Framework for compressed workweek implementation for TxDOT maintenance forces and flexible work arrangements for employees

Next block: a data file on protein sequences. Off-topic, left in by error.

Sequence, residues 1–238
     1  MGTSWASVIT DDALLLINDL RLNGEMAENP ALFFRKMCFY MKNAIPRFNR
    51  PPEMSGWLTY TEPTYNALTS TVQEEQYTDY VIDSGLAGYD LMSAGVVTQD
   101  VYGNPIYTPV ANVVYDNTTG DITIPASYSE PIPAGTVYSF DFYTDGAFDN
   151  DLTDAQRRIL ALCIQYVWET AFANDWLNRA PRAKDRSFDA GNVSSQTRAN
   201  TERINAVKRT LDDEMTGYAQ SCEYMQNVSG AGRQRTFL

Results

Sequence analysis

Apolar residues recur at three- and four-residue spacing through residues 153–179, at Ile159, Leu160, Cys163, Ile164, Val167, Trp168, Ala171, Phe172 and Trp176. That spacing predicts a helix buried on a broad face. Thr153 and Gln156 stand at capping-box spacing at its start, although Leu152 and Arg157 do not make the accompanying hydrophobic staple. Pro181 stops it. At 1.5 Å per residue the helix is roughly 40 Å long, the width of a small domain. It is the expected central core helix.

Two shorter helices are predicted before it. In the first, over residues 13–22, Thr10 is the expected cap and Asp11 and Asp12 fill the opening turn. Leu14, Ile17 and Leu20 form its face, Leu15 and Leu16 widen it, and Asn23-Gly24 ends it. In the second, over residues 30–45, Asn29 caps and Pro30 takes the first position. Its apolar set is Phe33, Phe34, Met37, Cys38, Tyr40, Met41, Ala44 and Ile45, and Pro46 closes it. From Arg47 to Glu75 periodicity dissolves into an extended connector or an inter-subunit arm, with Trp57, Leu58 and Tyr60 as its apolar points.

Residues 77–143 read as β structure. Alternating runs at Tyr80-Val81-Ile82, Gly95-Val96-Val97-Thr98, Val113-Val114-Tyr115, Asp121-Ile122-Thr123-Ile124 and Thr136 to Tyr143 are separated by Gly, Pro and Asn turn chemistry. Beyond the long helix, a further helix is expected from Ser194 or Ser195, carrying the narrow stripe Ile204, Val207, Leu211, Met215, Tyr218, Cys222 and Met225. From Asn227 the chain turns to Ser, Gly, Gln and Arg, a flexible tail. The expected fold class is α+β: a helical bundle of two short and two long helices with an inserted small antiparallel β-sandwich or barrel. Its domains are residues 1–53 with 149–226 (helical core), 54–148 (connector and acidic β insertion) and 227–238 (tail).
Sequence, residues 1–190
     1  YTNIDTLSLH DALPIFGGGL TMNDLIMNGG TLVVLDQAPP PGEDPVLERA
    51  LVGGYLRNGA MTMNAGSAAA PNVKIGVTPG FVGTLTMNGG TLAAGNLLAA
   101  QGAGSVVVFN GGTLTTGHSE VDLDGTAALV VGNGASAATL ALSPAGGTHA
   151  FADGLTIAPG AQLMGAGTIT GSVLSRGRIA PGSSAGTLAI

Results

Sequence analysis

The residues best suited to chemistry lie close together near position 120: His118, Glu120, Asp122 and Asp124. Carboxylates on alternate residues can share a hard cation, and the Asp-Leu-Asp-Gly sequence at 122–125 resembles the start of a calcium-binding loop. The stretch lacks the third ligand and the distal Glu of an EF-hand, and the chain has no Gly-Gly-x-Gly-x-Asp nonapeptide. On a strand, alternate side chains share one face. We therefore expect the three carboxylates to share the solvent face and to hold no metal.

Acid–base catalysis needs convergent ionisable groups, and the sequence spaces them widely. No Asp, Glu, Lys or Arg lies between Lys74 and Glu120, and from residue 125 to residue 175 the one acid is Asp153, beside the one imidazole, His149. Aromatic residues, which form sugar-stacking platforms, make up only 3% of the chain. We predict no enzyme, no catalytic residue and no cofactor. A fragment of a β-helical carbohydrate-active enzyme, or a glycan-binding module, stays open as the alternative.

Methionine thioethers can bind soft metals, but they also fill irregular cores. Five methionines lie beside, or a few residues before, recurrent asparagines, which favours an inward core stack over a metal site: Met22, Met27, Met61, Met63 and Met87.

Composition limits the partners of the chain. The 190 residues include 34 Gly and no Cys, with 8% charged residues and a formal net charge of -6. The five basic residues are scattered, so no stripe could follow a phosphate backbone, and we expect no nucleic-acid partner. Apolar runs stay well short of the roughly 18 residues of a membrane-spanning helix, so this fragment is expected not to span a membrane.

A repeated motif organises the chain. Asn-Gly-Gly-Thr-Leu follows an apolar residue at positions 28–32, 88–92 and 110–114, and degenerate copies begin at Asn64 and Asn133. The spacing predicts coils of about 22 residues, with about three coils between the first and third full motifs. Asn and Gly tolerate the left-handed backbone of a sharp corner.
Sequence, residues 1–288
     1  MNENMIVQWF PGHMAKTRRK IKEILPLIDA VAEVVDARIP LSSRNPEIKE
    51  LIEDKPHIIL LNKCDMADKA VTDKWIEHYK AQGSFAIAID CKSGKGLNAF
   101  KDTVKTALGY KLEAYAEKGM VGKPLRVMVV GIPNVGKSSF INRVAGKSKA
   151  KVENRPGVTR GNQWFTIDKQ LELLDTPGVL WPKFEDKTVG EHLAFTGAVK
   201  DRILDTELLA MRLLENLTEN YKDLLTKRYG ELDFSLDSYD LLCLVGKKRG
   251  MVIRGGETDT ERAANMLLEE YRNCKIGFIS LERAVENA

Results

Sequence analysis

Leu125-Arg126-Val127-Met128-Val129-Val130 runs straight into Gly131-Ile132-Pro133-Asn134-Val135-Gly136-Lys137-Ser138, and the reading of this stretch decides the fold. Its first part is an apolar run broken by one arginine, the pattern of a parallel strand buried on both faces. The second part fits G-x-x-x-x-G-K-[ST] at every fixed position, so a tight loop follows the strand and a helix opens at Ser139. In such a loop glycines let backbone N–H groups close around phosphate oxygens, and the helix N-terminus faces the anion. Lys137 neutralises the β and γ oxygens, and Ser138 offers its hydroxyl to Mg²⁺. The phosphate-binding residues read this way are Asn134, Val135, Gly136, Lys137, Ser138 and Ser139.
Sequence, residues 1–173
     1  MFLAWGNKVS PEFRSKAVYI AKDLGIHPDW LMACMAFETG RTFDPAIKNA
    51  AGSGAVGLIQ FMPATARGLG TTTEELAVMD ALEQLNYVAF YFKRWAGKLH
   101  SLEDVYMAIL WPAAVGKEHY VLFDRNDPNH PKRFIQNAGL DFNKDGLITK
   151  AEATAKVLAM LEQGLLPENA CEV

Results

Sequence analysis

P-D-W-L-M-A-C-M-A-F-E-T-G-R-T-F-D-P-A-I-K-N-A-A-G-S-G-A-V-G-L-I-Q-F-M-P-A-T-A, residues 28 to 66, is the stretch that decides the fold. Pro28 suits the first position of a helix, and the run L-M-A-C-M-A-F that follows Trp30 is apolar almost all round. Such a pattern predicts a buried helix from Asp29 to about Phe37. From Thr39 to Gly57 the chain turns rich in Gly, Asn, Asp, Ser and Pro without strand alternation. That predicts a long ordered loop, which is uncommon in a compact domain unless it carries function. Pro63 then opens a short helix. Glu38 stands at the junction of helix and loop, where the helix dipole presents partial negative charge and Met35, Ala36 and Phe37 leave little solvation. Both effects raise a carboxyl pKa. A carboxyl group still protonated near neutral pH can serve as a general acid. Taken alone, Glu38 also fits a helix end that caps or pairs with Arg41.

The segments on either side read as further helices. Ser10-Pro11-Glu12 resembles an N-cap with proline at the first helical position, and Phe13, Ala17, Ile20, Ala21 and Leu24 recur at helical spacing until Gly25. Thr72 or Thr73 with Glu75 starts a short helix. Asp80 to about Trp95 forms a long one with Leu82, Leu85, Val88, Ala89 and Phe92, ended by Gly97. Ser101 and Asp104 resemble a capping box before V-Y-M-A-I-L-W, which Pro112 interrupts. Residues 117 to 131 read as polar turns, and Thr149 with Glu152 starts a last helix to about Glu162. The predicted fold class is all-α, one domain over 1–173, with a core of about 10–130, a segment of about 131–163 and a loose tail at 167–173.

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With the increasing need for highway maintenance and the decreasingly available funds, the Texas Department of Transportation (TxDOT) Austin District has sought to better utilize maintenance section employee resources by implementing a compressed workweek. The primary goal of this thesis is to establish a framework and methodology to study the effects of a compressed workweek on maintenance crews in both rural and urban environments. Secondly, this thesis will provide a background of best practices of popular flexible work arrangements, including compressed workweeks, telework, and flextime. The compressed workweek is a type of flexible work arrangement that allows employees to work longer days during a part of the week in exchange for a partial or full day off later in the week. Compressed workweeks can offer numerous benefits to maintenance crews, including increased production, less set up and shut down time per week, decreased operating costs, reduced overhead, and increased employee morale. TxDOT will implement a six-month pilot project in two rural maintenance sections and one urban section. Compressed workweeks have proven to be successful in other districts with rural maintenance sections, but application of a compressed workweek in an urban maintenance section has yet to be studied. Therefore, maintenance crew activity data from previous years will be compared to data collected during the trial period to understand changes in productivity and to estimate vehicle operating costs. Lastly, surveys of maintenance employees will be conducted throughout the study to solve any personal issues that arise as well as determine employee satisfaction with the new schedule.